Analysis: A sting operation?

A serious confrontation could be developed between the security institutions and the political government.

Muhammad Ziauddin November 23, 2011

If I know Hussain Haqqani, I don’t think this is curtains for him. I have found him to be a great survivor. However, let me digress a little and recall another incident here to give a context to the ensuing developments.

When Raymond Davis, an American with dubious diplomatic credentials, was caught red-handed killing two Pakistanis in broad daylight in Lahore and then proceeded against under the law of the land, all the three branches of the US government closed ranks and came to his defence with one voice certifying the questionable immunity of a mole known to be a CIA contractor.

Now let us compare this cohesive US response to a decidedly open and shut case with that of Pakistan’s bizarre position in the still to be investigated Memogate case with most of us baying for the blood of an accredited diplomat. What was the need for the hyped-up and well-publicised troika meetings at the presidency? Why was an officer of Gen. Shuja Pasha’s rank sent to London to meet a dubious US character to investigate the matter? And why the thundering silence of the security chiefs on Sunday and Monday following Haqqani’s arrival in Islamabad. All this provided the ‘desired’ grist to the rumour mill that a serious confrontation has developed between the security institutions and the political government adding to the fears of an impending covert or overt army takeover. Inspired perhaps by Mansoor Ijaz’s claim that the ISI chief after their meeting in London had fallen for his story hook, line and sinker, the ‘ghairat brigade’ in the establishment and the media was back in action in full force. The brigade appears convinced that Haqqani has compromised Pakistan’s ‘ghairat’ by requesting through a still to be verified memo delivered by a US citizen to a retiring US military general to allegedly help the civilian government in cutting the army and ISI to size and bringing our nuclear assets under the ‘protective custody’ of Washington.

I am no admirer of Mr. Haqqani’s modus operandi. And notwithstanding some of his sterling achievements in his career I think our relations with Washington tumbled down to the very bottom during his three-year tenure. I know him since the days when as a youthful journalist he had become very close to the then military dictator, Gen. Ziaul Haq. His political flip-flops are legendary. As a member of the Islami Jamiat-i-Tulba (student wing of Jamat-i-Islami), he was elected as the president of Karachi University’s student union in 1979-80.  After Gen. Zia’s demise he first joined forces with Nawaz, before switching over to Benazir Bhutto.

After her second ouster, he is said to have applied for the top information job in the Musharraf regime. Having been rebuffed by one of the dictator’s minions, he set sail for the US, where he made it really good for himself and made his services available to Ms. Bhutto and her spouse for developing contacts in Washington and networking with the top US leadership. He was therefore, a natural choice of the government for the ambassadorial job in the US when the PPP-led coalition came to power after the 2008 elections.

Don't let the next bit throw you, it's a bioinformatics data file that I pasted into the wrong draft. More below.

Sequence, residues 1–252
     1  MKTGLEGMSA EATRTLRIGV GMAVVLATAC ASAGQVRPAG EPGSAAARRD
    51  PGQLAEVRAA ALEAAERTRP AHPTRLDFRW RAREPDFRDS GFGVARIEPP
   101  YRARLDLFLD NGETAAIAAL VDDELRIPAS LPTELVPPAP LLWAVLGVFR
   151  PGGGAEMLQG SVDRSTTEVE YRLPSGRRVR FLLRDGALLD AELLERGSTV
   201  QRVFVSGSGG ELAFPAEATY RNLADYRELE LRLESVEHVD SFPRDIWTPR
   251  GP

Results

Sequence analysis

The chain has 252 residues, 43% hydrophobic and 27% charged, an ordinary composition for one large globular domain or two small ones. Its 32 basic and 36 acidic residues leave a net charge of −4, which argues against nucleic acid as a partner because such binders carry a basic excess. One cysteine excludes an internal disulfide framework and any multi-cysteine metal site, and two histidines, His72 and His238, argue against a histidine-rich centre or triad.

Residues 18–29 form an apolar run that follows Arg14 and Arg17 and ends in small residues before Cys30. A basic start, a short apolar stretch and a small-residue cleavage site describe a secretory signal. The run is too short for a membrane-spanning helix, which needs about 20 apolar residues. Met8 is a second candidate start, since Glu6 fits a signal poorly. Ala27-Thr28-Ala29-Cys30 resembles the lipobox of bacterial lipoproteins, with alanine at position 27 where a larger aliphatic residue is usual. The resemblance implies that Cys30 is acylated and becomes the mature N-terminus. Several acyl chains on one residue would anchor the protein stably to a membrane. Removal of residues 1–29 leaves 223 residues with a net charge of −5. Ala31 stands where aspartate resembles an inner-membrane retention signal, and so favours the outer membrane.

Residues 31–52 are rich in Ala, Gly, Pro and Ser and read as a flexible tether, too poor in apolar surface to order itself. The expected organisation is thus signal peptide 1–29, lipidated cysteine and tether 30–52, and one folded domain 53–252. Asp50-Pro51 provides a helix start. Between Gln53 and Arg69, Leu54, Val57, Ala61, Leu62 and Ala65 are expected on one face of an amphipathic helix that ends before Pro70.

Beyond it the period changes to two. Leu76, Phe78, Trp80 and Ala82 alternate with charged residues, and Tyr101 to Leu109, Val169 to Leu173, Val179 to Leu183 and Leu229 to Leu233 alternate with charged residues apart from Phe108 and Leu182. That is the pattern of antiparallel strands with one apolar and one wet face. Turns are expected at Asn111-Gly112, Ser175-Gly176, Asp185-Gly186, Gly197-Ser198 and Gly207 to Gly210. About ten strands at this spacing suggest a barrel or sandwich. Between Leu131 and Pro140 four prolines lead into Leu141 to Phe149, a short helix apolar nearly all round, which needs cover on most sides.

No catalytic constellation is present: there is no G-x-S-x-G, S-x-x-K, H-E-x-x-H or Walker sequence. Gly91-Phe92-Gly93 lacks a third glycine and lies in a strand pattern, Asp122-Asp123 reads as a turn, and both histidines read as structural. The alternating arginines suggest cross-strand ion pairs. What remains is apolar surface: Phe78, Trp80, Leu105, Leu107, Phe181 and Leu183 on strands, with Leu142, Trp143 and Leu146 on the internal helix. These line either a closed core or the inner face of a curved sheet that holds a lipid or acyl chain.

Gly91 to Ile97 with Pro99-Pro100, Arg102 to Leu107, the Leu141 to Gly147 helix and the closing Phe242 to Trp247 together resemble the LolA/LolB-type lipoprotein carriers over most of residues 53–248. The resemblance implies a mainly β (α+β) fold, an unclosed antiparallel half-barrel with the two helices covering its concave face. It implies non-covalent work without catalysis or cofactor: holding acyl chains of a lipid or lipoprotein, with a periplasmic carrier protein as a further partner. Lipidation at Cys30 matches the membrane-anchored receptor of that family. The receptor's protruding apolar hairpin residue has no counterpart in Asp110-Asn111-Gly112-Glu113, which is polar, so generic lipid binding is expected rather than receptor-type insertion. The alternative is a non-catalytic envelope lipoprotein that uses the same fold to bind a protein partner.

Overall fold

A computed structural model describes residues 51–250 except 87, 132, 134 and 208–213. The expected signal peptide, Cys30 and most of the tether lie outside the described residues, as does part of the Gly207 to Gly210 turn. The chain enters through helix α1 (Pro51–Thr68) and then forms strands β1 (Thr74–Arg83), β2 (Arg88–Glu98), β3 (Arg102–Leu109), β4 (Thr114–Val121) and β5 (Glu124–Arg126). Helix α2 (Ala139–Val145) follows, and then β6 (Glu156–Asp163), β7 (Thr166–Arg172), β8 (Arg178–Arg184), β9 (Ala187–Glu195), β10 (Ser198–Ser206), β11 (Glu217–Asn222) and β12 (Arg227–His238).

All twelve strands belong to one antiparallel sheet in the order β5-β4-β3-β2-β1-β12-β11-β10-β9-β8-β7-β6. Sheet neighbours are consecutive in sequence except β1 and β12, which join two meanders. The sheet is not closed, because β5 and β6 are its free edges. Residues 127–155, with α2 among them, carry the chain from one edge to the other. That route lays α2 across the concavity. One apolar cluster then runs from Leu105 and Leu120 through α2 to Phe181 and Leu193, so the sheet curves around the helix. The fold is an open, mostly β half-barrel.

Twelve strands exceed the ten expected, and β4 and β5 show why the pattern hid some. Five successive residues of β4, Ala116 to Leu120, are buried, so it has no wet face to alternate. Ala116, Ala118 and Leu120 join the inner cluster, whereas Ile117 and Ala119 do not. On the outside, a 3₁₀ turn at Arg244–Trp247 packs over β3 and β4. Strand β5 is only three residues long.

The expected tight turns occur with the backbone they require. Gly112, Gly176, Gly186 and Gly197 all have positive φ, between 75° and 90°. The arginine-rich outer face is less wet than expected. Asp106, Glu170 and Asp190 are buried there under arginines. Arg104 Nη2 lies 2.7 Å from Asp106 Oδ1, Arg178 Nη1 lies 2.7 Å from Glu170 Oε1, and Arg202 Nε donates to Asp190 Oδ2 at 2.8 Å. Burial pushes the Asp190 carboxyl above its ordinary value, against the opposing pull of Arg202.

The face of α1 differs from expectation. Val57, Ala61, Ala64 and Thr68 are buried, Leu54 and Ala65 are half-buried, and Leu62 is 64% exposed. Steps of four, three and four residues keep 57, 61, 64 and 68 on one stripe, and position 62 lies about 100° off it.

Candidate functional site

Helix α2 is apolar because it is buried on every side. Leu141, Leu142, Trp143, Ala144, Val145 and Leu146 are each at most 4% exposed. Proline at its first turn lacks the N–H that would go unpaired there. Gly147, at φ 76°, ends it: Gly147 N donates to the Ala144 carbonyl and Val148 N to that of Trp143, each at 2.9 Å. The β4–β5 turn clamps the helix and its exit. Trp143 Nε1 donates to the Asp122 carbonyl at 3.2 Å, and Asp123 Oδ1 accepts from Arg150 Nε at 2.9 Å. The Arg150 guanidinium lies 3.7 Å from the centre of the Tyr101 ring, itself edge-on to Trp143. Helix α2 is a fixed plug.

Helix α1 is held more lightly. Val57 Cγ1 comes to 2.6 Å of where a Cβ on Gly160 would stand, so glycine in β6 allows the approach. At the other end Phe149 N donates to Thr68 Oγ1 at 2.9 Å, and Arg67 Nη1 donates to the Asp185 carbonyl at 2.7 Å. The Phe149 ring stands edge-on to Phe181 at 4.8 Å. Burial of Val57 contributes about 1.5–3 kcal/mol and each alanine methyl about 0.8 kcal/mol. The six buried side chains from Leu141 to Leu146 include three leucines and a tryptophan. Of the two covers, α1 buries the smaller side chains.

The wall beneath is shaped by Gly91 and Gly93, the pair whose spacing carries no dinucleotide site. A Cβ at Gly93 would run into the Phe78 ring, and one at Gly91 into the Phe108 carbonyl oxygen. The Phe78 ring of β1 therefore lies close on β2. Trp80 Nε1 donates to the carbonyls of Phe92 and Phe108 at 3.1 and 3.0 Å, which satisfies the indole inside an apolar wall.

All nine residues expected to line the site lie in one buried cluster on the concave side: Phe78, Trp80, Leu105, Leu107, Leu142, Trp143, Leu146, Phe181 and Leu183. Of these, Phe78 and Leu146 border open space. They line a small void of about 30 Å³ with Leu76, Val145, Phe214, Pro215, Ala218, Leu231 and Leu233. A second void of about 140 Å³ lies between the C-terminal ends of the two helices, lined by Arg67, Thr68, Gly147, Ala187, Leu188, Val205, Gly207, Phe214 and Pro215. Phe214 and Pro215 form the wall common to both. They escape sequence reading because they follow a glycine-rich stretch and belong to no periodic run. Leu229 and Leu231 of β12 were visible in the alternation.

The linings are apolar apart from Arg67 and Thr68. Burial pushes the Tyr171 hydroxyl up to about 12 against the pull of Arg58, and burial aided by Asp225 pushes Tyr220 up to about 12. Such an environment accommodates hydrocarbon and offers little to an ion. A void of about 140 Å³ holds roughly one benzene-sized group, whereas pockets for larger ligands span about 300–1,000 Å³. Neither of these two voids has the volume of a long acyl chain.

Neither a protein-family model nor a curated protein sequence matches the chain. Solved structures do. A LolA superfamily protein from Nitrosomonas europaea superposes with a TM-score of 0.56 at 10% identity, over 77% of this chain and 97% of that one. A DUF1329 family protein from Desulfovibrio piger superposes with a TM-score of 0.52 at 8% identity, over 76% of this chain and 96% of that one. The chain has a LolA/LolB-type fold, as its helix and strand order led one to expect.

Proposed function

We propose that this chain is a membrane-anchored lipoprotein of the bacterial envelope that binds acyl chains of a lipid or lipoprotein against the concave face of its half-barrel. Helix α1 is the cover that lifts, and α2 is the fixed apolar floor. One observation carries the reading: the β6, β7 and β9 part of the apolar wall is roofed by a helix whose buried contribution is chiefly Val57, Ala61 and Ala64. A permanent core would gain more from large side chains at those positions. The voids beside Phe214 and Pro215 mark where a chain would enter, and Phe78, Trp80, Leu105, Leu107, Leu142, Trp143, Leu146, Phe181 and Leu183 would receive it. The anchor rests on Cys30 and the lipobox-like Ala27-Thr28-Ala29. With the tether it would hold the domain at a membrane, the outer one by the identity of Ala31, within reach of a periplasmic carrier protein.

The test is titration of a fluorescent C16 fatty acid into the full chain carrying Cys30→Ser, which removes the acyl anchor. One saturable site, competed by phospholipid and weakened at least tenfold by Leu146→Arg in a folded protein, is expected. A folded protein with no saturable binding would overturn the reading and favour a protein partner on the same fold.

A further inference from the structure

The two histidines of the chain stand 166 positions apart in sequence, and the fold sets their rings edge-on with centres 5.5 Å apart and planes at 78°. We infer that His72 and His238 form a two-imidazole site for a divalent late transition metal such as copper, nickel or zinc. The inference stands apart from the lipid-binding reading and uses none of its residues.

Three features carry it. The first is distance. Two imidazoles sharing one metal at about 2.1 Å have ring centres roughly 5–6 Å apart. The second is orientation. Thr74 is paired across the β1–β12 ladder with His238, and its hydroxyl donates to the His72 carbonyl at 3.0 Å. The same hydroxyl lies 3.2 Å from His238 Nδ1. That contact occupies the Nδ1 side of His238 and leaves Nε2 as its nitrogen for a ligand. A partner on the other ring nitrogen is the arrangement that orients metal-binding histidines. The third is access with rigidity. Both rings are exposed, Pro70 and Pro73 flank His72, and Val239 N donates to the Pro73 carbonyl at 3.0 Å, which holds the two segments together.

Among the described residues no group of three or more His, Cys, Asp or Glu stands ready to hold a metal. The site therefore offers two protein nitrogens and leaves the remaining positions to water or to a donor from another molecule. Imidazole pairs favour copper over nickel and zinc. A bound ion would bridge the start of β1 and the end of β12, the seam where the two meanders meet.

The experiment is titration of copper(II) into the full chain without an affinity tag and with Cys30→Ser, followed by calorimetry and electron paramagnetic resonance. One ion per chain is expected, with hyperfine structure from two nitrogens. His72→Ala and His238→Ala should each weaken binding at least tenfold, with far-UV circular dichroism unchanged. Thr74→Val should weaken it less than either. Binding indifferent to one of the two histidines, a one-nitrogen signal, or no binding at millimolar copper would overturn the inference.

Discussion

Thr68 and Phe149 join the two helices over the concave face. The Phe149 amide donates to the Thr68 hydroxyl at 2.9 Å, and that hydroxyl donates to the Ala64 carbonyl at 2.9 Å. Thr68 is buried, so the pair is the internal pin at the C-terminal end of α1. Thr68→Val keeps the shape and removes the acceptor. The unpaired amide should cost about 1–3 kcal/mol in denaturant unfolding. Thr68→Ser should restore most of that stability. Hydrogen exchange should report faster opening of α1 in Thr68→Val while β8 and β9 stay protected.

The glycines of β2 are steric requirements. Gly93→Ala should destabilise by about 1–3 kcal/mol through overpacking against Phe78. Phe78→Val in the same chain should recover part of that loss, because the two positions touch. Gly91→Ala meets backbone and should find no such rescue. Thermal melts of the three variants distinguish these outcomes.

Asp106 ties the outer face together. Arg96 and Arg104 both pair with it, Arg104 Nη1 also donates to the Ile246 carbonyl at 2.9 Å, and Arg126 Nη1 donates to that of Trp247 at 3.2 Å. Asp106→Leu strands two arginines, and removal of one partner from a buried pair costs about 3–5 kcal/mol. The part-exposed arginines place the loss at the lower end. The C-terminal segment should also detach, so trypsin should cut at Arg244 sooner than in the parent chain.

But I was intrigued because in his book, Pakistan: Between Mosque and Military he had said things about the army which I thought the institution would find impossible to forget and forgive. So, I asked him when I met him in London soon after he was nominated for the job. He did not deny resistance from powerful circles back in Rawalpindi to his appointment but declared in his typical nonchalant manner that he could take care of the challenges on this front.

I have never written about Mr. Haqqani either critically or in praise, though I have been one of his bitter critics to his face. But to his credit, he has always taken my criticism with his characteristic poise and never failed to greet me with extra warmth whenever we met. But I always found it difficult to match his warmth half suspecting his sincerity.

Still, I don’t think the former ambassador deserved the kind of treatment that has been meted out to him by the ‘ghairat brigade’ within our establishment and the media. Even if all the allegations that are being levelled against him by an ordinary US citizen are true I would have preferred to send Gen. Pahsa to Washington to meet Haqqani or awaited his return to Pakistan to get his version first rather than make the spy chief go all the way to London to meet Ijaz who according to Mr. Bruce Riedal, former CIA officer has a “long record of fabricating false information and self promotion”. This very act of Gen. Pasha has by default given a measure of respectability to Ijaz’s version of the episode and made Mr. Haqqani’s position suspect in the eyes of unsuspecting masses.

Such matters should never be the concern of the security establishment in the first place. They are better left to the civilian government to sort out. And the ‘ghairat brigade’ needs to stop frothing at the mouth and stop crying wolf at the drop of a hat.

(Read: Demystifying memogate)

Published in The Express Tribune, November 23rd, 2011.


Meekal Ahmed | 9 years ago | Reply

Of course no one knows whether he resigned or was asked to resign.

But he did offer to resign even before he reached Pakistan -- if I am not mistaken.

As for this article, it is excellent.

You Said It | 9 years ago | Reply

Mansoor Ijaz sharing the evidence with Gen Pasha of the ISI makes Ijaz's motives suspect. Was this done because Ijaz was already close to the ISI? Did Gen Pasha's visit sway his position and motive?

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